In Costa Rica, this species occurs in wet forest habitats. One small colony was collected in Braulio Carrillo National Park. It was in a rotten stump at the forest edge. (Longino, Ants of Costa Rica)
- 1 Identification
- 2 Distribution
- 3 Biology
- 4 Castes
- 5 Nomenclature
- 6 References
- 7 References based on Global Ant Biodiversity Informatics
Bolton (2000) - A member of the Strumigenys alberti-group.
Longino (Ants of Costa Rica) - Mandibles in side view straight, not broadly curved ventrally; mandibles relatively short, subtriangular, much of the apical portion meeting along a serially toothed masticatory margin when closed (former Smithistruma); leading edge of scape with a row of conspicuous projecting curved hairs, of which those distal to the subbasal bend distinctly curve toward the base of the scape; pronotal humeral hair present; ventral surface of petiole in profile with a deep, conspicuous and very obviously spongiform curtain, its maximum depth at least half that of the peduncle and usually more; disc of postpetiole completely unsculptured and glassy smooth; anterior border of clypeus broadly rounded; basal lamella of mandible immediately followed distally by the tooth-row, without a second lamella that extends forward for half the exposed length of the fully closed mandible; mandibles short, MI 19-24; eye with ten or more ommatidia in total; promesonotal dorsum with a fine median longitudinal carina through most or all of its length; pronotal dorsum partially to mostly sculptured; propodeal dorsum weakly to strongly reticulate-punctate; in full-face view anterior clypeal margin transverse to extremely shallowly convex between points where outer margins of fully closed mandibles intersect the clypeal margin; basal tooth-row of mandible consisting only of narrowly triangular high acute teeth; disc of petiole node in dorsal view as long as broad and with the sides of the node converging anteriorly.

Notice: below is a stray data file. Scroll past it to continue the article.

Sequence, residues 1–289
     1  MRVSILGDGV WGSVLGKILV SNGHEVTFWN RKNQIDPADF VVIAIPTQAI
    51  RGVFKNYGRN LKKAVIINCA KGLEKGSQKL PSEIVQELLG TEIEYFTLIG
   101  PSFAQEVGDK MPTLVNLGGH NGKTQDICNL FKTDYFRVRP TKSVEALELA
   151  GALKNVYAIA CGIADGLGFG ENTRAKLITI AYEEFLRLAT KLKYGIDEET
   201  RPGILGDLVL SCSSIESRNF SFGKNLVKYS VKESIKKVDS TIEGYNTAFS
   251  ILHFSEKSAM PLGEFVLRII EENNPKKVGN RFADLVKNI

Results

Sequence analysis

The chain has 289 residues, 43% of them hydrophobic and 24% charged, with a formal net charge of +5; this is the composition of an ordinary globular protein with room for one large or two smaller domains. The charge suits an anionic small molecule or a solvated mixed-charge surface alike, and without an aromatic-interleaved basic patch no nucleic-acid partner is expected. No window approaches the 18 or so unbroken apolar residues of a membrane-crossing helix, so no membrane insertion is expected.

Carara specimens are larger, darker, and with longer propodeal spines than Atlantic slope specimens. I predict this will be a consistent difference between Pacific slope and Atlantic slope material, following a trend of diagnostically distinct forms on the two sides of Costa Rica (pers. obs.).
Keys including this Species
Distribution based on Regional Taxon Lists
Distribution based on AntMaps
Distribution based on AntWeb specimens
Check data from AntWeb